Home / Venture  / Emerging trends from IOD Governance Conference

Emerging trends from IOD Governance Conference

Attending the largest governance conference in New Zealand there were five trends emerging that will have broad implications far beyond the Boardroom.  Held in early May more than 600 gathered in Auckland for the two day ‘Leadership Conference’ of the Institute of Directors in New Zealand.  These were the key conversations that mattered most:

Theme one: The megatrends driving us towards ‘net positive’ impact 

There is a lot of talk about the need for net zero – a currently mythical world where emissions balance out at some point in the distant future.  But author Andrew Winston beamed in from America to talk about the more important trend being one towards ‘net positive’.  That is, a company gives back more than it uses.  He pointed out the two fundamental megatrends underlying this shift of rising transparency and generational change. 

  • Transparency: In consumer products, people increasingly want to know what is in the product, the carbon footprint of it, even if employees were paid enough.  There is already a move to report on how climate affects your company, recently required for the largest NZ companies by XRB changes.  It’s easy to see the biggest future change will be reporting on how your company is affecting the climate, and even how your own suppliers or customers are doing as well.
  • Generational change: The second trend is that the next generation demands these shifts and will drive the real impact shift.  This isn’t a ‘theory of change’ – the business case will be there for change because of what your kids think.  Millennials and Gen Z won’t take a job if the company doesn’t have an environmental position – so what type of companies will attract and retain talent, and customers? 

Like playing 18 holes of mini golf and thinking you could play in the PGA, the gap between companies who talk and companies who really change will grow.  As a result of these megatrends, only those who have made a shift towards net positive will survive.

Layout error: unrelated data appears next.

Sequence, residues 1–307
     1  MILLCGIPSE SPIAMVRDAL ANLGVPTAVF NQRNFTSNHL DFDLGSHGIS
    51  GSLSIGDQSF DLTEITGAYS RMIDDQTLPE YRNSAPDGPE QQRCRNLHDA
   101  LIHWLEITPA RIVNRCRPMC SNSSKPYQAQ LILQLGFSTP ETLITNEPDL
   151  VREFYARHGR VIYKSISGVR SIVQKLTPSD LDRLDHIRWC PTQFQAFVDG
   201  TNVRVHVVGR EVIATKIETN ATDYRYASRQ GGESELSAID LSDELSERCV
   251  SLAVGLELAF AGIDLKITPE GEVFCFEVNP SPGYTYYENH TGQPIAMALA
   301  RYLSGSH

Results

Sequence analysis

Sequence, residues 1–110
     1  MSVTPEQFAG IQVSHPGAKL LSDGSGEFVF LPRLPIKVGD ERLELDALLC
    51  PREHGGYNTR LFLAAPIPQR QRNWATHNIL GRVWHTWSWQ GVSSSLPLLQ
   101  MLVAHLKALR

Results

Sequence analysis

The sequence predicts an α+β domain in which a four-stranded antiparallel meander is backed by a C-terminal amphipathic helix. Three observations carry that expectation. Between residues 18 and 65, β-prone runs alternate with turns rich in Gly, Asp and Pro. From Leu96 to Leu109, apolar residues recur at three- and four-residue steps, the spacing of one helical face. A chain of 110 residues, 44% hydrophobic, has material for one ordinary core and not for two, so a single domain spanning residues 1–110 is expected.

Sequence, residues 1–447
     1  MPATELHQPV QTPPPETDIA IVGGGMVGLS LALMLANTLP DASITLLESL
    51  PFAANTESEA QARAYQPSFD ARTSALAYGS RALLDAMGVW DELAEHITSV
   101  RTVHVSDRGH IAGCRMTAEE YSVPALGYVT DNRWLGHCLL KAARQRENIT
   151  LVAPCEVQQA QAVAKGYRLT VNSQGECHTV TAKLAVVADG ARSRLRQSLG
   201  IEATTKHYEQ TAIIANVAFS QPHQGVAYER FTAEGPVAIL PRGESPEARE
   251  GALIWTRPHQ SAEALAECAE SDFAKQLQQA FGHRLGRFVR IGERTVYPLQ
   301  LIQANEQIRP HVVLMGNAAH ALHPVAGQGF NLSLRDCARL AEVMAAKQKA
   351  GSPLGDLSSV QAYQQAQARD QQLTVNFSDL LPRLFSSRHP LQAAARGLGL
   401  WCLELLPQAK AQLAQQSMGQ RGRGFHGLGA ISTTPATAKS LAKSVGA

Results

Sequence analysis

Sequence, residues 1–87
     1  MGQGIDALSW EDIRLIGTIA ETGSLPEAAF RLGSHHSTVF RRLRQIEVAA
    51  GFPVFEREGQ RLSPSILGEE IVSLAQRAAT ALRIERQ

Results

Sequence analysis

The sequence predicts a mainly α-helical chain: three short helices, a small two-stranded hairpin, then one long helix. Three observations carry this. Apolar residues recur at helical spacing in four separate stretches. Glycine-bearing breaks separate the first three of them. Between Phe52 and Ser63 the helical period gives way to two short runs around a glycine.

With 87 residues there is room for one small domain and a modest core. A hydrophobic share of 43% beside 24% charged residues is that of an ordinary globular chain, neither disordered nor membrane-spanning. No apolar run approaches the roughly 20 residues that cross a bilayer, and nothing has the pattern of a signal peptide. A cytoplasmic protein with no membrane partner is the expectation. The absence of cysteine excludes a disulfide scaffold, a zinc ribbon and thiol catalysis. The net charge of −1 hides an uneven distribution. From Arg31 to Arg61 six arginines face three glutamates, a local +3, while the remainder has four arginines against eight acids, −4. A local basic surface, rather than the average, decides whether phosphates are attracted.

Theme two: The need for ‘slow panic’ in the face of disinformation and uncertainty

The Chair and the CEO of Air New Zealand shared about their relationship.  As Greg Foran had started with the pandemic they shared a philosophy of transparent communication with an approach of ‘slow panic’, obtaining the information needed to make decisions in light of crisis.  This was echoed in another panel about the growth of disinformation and the interest groups out there deliberately spreading content to sway perceptions.  Such disinformation is combining lethally when you throw in the added ingredients of uncertainty and fear. 

That uncertainty is due to many factors and former Cabinet Minister and Ambassador to the United States Tim Grosman noted in his talk that 15 years ago the writer Thomas Friedman suggested 15 years ago that globalisation would lead to peace with the “global arches theory”.  That is, if two countries have McDonalds, they do not fight each other.  However, that theory is done as McDonalds now has closed all branches in Russia. Uncertainty is real as the Russia/Ukraine war is the first time in 70 years the boundaries of Europe have been put into question, US Dollar dominance is no longer assumed, population declines in East Asia will see power shift towards India and we are moving from a US led world to one where China is growing.  

Read more: Six current workplace trends

Theme three: The lesser known cousin in the ‘ESG’ family 

The lights shine on the E of ‘Environment’ today, but a panel discussed the ‘Social’ of ESG and concluded that this factor will increase in importance.  This is in evidence with a move away from the S often being code for ‘Shareholders’, and a maniacal focus on profit returns to them. Instead ‘Stakeholder capitalism’ emphases the many groups to consider, ranging from Mana Whenua to customers, suppliers and employees.